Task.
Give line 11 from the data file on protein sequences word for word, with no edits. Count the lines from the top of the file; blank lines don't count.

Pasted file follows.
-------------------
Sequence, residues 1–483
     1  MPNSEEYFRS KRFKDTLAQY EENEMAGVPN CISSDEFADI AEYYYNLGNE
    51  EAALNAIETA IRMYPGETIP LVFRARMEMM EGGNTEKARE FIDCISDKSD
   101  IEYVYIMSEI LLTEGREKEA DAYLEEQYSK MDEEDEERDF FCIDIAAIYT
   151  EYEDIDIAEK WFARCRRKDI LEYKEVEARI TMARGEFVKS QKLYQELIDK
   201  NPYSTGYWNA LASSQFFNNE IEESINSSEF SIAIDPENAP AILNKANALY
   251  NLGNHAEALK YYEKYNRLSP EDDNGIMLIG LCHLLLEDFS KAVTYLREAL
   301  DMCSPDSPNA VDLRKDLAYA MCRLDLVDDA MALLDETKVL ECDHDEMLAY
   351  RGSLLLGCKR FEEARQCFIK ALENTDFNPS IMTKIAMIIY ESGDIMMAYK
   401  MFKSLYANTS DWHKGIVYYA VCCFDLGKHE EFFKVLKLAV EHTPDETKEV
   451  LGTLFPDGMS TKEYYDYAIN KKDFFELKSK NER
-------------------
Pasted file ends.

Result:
   451  LGTLFPDGMS TKEYYDYAIN KKDFFELKSK NER